How Tinder and K-dramas changed dating preferences in Singapore
After 17 years, Lunch Actually is still playing Cupid. We sit down with co-founder and CEO Violet Lim to find out where the company is at now, and how dating preferences have changed over the years.
Before dating apps such as Tinder, Coffee Meets Bagel, Paktor and others normalised meeting a potential spouse online, Singapore dating agency Lunch Actually had already been matching singles and sending them out on blind dates.
Founded in 2004, Lunch Actually is the brainchild of 41-year-old Violet Lim. In her early 20s, Lim was working as a management associate in a bank when she realised that most of her peers, though successful, were single.
Working long hours prevented them from having a social life, let alone going out on dates. While on a trip to Japan, she chanced upon the concept of lunch dating.
“I thought that it was something that could work for my colleagues. No matter how busy they were, they would always set aside time to eat lunch with friends or people they work with. So why not have lunch with someone you’ve never met before, who might be a good match for you?” she recalled.
At the age of 24, Lim took the plunge and left her job to start Lunch Actually together with her then-boyfriend, now husband, Jamie Lee. Seventeen years on, the company is still playing Cupid to singles looking for love.
To date, it has arranged more than 140,000 dates and matched more than 4,500 happily married couples. The company has also expanded beyond Singapore to establish offices in Indonesia, Malaysia, Hong Kong and Thailand.
For a company that started as a traditional matchmaking service, that’s a big feat. And although most people would think that the rise of dating apps in recent years would have posed a threat to the business, Lim says that it was in fact the opposite that happened.
Thanks to dating apps, people have become more open to engaging an external party to help them find love, Lim shared. “Now that it has become the norm to be on a dating app if you’re single, there are people who have tried it and realised it’s not their cup of tea. This has really opened up the market for us,” she said.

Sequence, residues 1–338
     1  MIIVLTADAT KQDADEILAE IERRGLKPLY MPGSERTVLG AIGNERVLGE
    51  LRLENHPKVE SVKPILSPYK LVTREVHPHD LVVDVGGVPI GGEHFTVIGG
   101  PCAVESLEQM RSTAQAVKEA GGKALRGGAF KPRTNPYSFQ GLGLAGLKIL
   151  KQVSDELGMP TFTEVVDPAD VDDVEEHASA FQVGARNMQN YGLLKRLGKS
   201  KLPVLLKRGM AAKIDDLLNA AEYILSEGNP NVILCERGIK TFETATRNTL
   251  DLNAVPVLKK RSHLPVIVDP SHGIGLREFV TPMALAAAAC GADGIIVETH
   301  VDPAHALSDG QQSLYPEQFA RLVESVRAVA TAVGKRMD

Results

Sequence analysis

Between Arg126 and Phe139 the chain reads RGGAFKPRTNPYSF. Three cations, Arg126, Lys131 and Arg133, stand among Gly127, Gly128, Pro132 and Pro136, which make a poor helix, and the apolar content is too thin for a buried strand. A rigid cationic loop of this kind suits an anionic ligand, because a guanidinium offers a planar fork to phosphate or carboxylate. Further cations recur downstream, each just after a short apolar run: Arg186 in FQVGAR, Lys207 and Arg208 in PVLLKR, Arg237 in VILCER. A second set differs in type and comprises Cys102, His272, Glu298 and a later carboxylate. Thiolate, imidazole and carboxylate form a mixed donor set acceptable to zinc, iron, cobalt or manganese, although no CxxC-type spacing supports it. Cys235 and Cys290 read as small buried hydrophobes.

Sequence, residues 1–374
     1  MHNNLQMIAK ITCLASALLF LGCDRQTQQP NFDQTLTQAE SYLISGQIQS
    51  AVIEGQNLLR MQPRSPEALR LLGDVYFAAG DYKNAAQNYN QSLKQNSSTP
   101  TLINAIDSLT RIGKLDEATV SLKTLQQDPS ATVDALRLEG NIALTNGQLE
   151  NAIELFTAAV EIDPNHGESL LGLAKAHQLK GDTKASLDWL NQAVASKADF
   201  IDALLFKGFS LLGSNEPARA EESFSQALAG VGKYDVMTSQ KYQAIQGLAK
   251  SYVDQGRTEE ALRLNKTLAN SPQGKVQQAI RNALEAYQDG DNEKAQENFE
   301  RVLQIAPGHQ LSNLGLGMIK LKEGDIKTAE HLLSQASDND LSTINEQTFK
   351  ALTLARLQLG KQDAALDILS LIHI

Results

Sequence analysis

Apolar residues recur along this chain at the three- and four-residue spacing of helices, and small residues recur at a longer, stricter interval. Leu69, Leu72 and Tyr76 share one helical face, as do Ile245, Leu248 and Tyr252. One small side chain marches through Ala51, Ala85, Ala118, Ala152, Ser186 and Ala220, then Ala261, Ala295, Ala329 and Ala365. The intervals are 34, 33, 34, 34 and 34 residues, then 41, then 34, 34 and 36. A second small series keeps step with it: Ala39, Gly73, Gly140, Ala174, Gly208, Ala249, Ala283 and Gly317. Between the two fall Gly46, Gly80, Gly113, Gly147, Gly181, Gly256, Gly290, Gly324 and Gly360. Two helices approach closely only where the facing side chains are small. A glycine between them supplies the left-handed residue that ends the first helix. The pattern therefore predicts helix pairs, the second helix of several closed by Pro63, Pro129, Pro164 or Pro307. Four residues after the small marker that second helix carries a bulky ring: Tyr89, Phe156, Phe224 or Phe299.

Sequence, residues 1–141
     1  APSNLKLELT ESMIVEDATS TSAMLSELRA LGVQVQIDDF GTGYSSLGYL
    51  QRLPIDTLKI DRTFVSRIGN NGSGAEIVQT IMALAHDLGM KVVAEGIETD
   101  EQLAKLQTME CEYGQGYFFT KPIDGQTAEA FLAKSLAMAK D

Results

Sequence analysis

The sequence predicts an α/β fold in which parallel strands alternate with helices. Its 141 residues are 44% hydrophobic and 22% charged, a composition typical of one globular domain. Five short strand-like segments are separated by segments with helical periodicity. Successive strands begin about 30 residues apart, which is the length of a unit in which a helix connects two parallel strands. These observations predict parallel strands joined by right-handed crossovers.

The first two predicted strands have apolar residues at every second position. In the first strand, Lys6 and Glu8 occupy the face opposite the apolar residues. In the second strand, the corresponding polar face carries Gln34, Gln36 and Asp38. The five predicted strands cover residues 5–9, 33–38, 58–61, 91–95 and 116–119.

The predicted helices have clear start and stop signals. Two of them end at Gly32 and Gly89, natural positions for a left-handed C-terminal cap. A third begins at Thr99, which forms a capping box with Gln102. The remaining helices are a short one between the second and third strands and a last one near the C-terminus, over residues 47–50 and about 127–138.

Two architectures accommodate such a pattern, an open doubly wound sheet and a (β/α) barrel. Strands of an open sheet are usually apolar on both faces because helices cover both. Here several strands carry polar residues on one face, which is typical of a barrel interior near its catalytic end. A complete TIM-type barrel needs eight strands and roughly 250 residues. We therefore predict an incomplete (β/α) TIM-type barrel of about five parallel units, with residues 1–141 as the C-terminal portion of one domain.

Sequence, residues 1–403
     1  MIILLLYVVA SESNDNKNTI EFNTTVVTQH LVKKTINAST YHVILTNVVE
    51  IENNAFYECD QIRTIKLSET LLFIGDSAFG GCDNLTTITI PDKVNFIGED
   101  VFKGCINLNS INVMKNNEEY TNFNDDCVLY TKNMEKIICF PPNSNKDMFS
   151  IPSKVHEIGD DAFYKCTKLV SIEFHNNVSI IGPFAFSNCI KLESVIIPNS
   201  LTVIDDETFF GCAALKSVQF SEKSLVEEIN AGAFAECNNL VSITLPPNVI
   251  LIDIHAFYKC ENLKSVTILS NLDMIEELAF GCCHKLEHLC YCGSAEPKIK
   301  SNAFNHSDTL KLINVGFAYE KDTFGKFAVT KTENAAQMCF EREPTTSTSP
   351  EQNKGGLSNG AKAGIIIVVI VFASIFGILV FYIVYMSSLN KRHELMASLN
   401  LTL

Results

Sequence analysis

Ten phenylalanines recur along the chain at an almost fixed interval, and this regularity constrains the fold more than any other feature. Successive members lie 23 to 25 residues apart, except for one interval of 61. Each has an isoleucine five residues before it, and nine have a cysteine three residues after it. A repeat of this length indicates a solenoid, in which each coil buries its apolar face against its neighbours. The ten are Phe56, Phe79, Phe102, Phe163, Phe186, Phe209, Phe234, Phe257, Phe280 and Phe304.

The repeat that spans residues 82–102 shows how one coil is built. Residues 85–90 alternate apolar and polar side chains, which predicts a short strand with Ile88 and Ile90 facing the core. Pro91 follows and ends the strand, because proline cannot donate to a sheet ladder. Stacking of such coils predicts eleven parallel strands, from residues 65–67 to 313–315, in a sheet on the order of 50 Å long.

After all, being on a dating app can be quite tedious. “The trouble with dating apps is that there are all sorts of characters. People find it challenging to keep sifting through these people. But because they’ve tried out a dating app, they are more open to the idea of using a service like ours. They realise that instead of doing the screening and shortlisting work by themselves, they are basically outsourcing that work to us,” Lim elaborated.
"Now that it has become the norm to be on a dating app if you’re single, there are people who have tried it and realised it’s not their cup of tea. This has really opened up the market for us."
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A DIGITALISATION FOCUS
While Lunch Actually started off as a service to match singles for a lunch date, its offerings have evolved to include a coaching arm. The company’s professional date coaches and certified image consultants help singles to become “the best version of themselves”, said Lim.
“What we’ve realised is that a lot of people, when they think about finding love, they think it’s all about meeting the right one. Our philosophy is that to find the right one, you need to be the right one, meet the right one, and choose the right one,” she elaborated.
In recent years, the company has also focused on digitalising several aspects of the business. It launched its own dating app, LunchClick, in 2015. However, unlike those already on the market, the app is meant only for serious, not serial, daters. Instead of endless swiping, users are only sent one match per day, and are only given 24 hours to “like” or “pass”.
Last year, the company also launched the Lunch Actually App, which helps its clients to set up appointments with consultants, view their handpicked matches, arrange dates, submit their feedback, and chat in real-time with dating coaches to ask for advice.
The app was born out of the desire to automate some of the consultants’ tasks, so that they can focus on those that require a personal touch, such as the coaching services. “At the end of the day, we want to make sure that our clients put their best foot forward. That’s what we want our consultants to be focusing their time on,” said Lim.
Most recently, the company tapped into livestreaming, a booming trend in Asia. In conjunction with Valentine’s Day, Lunch Actually held a four-part matchmaking series on Lazada’s livestream platform, LazLive. It featured the journey of two singles who were trying to find a match, and viewers could either follow their dating journey, or submit their own profiles to be match-made with the featured bachelor and bachelorette.
Combining shopping and entertainment, the series also allowed viewers to purchase Lunch Actually services such as online dating and grooming masterclasses.